Prophylactic effect of hot pack on symptoms of eccentric exercise-induced muscle damage of the wrist extensors

Document Type

Journal Article


Faculty of Computing, Health and Science


School of Exercise and Health Sciences / Centre for Exercise and Sports Science Research




Khamwong, P., Nosaka, K., Pirunsan, U., & Paungmali, A. (2012). Prophylactic effect of hot pack on symptoms of eccentric exercise-induced muscle damage of the wrist extensors. European Journal of Sport Science, 12(5), 443-453. Available here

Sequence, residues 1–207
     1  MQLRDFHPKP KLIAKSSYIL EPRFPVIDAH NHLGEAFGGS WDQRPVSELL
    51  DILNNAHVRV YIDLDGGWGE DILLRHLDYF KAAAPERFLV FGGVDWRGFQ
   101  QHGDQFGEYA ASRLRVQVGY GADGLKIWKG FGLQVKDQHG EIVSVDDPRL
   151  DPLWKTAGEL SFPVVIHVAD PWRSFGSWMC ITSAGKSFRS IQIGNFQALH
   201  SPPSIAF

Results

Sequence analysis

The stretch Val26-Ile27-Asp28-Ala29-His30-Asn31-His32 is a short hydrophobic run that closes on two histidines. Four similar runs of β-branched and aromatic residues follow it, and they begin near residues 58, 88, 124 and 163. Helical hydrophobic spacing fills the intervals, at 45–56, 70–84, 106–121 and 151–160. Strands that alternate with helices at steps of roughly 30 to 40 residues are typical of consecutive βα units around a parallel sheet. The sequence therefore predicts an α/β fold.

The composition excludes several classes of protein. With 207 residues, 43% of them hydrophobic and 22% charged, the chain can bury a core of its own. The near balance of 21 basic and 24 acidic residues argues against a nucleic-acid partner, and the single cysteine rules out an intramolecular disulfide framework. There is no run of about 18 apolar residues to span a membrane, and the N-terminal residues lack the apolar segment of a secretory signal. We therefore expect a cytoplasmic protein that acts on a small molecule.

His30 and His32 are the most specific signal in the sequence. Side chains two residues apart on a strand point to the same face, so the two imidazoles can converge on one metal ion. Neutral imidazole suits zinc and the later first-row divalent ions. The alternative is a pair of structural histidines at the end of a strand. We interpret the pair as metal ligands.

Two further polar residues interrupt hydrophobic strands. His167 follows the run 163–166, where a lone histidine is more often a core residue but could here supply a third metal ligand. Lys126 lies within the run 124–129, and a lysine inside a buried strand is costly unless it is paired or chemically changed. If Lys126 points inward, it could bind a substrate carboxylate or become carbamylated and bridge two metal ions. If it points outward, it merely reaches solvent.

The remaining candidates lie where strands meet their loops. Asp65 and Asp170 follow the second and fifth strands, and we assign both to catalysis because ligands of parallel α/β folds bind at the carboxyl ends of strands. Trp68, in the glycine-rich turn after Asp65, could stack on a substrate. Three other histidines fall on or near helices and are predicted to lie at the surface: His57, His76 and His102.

This study investigated whether hot pack treatment could provide prophylactic effects on muscle damage induced by eccentric exercise of the wrist extensors. Twenty-eight healthy men (age 21±1 years, weight 65±16 kg, height 171±6 cm) were randomly placed into hot pack (n = 14) and control (n = 14) groups. All participants performed an exercise consisting of 300 maximal eccentric contractions of the wrist extensors of the non-dominant arm using an isokinetic dynamometer. A hot pack was applied for 20 min to the wrist extensors of the exercised arm before the exercise for the hot pack group. The control group received no treatment before the exercise. Measured variables included pain intensity assessed by a visual analogue scale and a modified Likert's scale, cold thermal pain threshold, pressure pain threshold (PPT), range of motion in active wrist flexion (ROM-AF) and extension (ROM-AE), range of motion in passive wrist flexion (ROM-PF) and extension (ROM-PE), grip strength, and wrist extension strength. Changes in these variables before, immediately after, and 1 to 8 days following the exercise were compared between groups by a two-way repeated measures ANOVA. All outcome measures from both groups (except for the cold thermal pain threshold of the hot pack group) demonstrated a significant change within the first 2–3 days following exercise. Significant differences between groups were only found at a single point in time for PPT, ROM-PF, ROM-PE and ROM-AE, and the changes were smaller for the hot pack group in comparison to the control group. These results suggest that the prophylactic effects of hot pack treatment on eccentric exercise-induced muscle damage of the wrist extensors are limited.



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